Se, at least for my riding, CS has helped me both on motorcycle and on bicycle - especially when riding fast, or trying quick direction changes.
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Old 05-01-17, 12:32 AM
  #194  
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Originally Posted by grolby View Post
You're misunderstanding me. I am saying there is literally no way to control the lean on a bicycle other than countersteering. You seem to believe otherwise, but I assure you this is incorrect. You say "counter-steering... is initiating the lean left by turning the bars right." Yes, but the dynamics of what is going on in initiating a lean is not different from any other aspect of bike control. Saying counter-steering is initiating the lean but not maintaining stability in the lean is just nonsense. The dynamics of what is happening are exactly the same. Which is why I think the example of initiating the lean by simply shifting weight is non-responsive. Sure, you can initiate a lean that way. But I promise you, on the road, you aren't doing it. It's much slower and less precise than using the handlebars, and you're using steering to maintain balance while leaned over just as much as when riding upright.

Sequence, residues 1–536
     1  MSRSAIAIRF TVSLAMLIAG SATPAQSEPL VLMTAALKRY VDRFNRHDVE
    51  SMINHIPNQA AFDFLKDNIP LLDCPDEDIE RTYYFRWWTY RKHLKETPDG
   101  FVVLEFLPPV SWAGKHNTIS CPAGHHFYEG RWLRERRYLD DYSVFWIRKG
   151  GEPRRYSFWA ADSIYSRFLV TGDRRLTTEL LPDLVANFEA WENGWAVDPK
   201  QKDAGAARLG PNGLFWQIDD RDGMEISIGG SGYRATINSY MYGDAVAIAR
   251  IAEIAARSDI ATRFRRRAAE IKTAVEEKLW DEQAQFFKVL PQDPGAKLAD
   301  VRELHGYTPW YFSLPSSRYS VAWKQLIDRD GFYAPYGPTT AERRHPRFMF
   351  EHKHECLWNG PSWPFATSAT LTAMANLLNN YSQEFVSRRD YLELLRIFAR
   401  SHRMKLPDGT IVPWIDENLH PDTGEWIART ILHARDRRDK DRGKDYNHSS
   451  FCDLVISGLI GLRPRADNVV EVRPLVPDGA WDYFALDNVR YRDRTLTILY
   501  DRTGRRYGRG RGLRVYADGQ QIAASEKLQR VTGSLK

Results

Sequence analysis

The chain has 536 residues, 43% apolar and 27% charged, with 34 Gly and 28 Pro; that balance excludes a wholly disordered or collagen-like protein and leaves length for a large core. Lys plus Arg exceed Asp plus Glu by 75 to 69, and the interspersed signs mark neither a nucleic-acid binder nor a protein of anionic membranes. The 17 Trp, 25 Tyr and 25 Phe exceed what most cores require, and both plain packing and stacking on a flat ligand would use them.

When I was in high school, a popular local CD store had a writing on the door, instead of the ordinary "Push", or "Pull": "It is EASIER to push" - and vice versa on the other side.

Same goes for counter steering - it is easier and quicker to lean the bike with counter steering. However, especially while the bike isn't leaned (a lot), it can be done without counter steering too. It's just a lot slower, and you have little control over the process.